In the past we’ve given plenty of examples of how DRM hurts paying customers instead of the people it is meant for. Still, many software companies prefer to see their customers as potential ‘thieves’ but what they don’t realize, however, is that they are actually breeding pirates instead of stopping them.
Meet Mark, an IT guy at a small company who occasionally has to renew licenses for the software utilized by the business. Recently, he had to activate a copy of PaperPort, the scanning and document management software from Nuance. In order to free up another activation slot, he had to uninstall the old one first while being online. Like most activation licensed software, this doesn’t always work properly.
To resolve the issue Mark contacted Nuance’s support. To his surprise however, they didn’t want to help him straight away, instead asking him to take pictures of the CD in order to prove that the company owned a legitimate copy.
“I couldn’t believe my ears,” Mark told TorrentFreak. “After arguing with support for a while on how ridiculous it was, I still had to have the license within the day. To make a long story short I finally got them to unlock 2 licenses after 2 days of repeated calls and sending the picture of the CD multiple times.”
Upset at how he was treated by customer support, Mark decided to send an email to Nuance’s CEO Paul Ricci to inform him that alienating customers like this is not going to help him sell more products. The picture of the CDs that Mark had to supply was also sent to Ricci.
Dear Mr Ricci,
Our company has been using your product for nearly a decade. We have estimated that it is safe to say we have spent $3000 over the years on your product. We are by far not the biggest customer but in today’s economy we think every customer counts. We recently bought several PaperPort 11 licenses which we have used. We have upgraded our computers and the procedure is to uninstall paper port (While online) in order to free a license for the new computer. Sadly this did not work. My efforts at consulting with your technical support department were very time consuming, confusing, and ultimately pointless. To my surprise, they wanted me to take a PICTURE of the CDs we have. As an IT professional, I found this archaic exercise in futility to be absolutely appalling. Not only do your anti-piracy methods completely fail (There is no known anti-piracy method that works to this day, anything can be downloaded) but they cost me; the legitimate customer time and frustration. Attached is the picture I had to send in. This is to let you know that we are completely disgusted with your company’s procedures, and are no longer going to do any business with Nuance.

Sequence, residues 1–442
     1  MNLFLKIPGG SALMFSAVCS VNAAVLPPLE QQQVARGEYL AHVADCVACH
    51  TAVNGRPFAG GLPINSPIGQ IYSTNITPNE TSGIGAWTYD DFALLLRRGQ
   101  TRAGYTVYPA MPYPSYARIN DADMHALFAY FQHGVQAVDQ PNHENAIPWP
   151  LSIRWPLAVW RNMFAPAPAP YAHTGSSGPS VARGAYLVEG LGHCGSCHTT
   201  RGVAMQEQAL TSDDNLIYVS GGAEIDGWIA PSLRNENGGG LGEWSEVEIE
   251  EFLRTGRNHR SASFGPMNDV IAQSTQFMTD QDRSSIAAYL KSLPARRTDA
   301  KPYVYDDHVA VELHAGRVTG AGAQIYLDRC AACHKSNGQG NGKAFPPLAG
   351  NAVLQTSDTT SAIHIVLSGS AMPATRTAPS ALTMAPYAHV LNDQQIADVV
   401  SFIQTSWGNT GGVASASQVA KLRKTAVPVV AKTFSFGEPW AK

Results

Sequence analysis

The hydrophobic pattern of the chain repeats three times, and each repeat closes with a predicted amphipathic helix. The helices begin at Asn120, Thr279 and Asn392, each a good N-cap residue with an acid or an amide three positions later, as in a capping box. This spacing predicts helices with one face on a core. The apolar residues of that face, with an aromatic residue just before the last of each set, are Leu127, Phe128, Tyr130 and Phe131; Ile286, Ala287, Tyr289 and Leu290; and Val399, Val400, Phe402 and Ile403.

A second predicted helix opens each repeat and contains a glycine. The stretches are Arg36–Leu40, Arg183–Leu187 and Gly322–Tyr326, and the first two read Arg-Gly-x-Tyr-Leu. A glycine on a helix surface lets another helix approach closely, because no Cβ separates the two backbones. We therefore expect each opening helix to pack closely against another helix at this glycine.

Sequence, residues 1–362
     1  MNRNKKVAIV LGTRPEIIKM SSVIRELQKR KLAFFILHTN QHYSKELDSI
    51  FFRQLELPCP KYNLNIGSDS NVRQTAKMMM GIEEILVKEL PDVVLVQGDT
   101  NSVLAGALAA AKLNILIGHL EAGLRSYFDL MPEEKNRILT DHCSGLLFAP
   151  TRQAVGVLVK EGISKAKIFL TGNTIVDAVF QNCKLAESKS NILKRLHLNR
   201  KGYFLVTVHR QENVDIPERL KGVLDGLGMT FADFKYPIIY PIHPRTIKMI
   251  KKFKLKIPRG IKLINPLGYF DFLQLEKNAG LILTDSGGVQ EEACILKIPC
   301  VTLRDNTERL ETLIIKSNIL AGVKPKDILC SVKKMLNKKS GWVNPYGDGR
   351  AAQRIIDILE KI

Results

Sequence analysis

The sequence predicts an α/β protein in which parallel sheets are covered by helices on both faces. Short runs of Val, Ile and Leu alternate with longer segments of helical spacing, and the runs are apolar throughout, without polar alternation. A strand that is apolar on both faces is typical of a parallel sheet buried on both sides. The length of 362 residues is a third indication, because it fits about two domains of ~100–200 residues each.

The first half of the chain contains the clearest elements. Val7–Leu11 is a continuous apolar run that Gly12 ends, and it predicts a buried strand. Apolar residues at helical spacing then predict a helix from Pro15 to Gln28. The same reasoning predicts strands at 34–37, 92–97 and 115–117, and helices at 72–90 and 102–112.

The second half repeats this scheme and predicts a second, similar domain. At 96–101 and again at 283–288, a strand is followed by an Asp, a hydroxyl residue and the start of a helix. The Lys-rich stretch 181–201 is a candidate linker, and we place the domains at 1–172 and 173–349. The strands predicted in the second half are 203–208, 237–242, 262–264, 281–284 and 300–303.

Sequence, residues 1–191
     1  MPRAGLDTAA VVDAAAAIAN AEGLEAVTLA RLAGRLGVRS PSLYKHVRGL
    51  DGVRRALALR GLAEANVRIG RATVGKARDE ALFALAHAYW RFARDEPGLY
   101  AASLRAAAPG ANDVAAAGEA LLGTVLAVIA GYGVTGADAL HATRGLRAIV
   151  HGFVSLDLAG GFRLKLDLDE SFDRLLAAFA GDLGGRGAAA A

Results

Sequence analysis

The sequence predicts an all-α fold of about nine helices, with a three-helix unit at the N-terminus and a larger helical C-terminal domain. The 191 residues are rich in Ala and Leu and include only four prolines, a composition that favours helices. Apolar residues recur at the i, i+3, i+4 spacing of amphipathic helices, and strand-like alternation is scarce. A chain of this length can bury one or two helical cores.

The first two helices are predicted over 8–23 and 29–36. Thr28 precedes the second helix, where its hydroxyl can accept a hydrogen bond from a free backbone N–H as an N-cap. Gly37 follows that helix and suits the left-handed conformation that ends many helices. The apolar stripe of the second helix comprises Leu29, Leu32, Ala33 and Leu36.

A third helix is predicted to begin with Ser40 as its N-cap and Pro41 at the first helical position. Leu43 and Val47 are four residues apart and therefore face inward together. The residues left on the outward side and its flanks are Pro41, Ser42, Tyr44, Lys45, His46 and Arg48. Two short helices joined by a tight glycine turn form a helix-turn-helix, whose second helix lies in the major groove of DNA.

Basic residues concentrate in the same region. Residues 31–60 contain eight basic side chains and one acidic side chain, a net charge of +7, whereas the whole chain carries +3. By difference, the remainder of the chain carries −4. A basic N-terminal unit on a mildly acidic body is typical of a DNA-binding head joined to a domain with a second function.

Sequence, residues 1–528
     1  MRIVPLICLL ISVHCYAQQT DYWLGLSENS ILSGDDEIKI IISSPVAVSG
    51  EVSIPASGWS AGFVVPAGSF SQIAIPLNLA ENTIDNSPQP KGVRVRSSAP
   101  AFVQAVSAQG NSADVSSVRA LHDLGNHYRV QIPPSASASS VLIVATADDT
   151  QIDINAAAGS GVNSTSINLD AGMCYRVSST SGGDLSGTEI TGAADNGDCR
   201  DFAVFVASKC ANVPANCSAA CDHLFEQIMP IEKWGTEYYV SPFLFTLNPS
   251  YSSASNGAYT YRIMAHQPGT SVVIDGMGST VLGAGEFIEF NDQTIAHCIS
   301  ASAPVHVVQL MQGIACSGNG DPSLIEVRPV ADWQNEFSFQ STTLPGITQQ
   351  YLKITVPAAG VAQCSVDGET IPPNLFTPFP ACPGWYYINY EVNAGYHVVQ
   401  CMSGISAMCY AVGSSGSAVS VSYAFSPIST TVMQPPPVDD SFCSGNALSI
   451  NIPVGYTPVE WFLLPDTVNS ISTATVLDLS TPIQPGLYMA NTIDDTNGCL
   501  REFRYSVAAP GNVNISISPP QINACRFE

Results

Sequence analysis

Just to let you know, being a computer engineer, I can guarantee you these statistics:
Pirates Stopped = 0
Legitimate Customers totally alienated = Thousands.
You may want to take a look at your stock trends of late, Mr. Ricci. Perhaps this poor customer service MIGHT explain some of that.
Here’s the Picture Mark sent, along with a personal note.
Ricci received the email in good order, and passed it on to the chief marketeer at Nuance, who wrote back to Mark. “I appreciate your note and will use it as a flashpoint for us to reevaluate this processes that you have correctly pointed out as archaic,” was his reply, and he offered some free copies of PaperPort, PDF and OmniPage “as a gesture of goodwill.”
Nuance has clearly recognized that they made a mistake and although it’s probably too late for some customers, we hope they’ve learned from it. Mark said that in hindsight his email to Ricci might have been a little bit over the top. But, it did make them realize that they were making a mistake, asking people to take pictures of their CDs.
“I was very upset and under a lot of pressure. My job is to solve problems in the quickest amount of time.. and taking pictures of CD’s or sticking them in a copier isn’t something anyone should ever have to do with their software,” Mark said.
“It just doesn’t make sense.”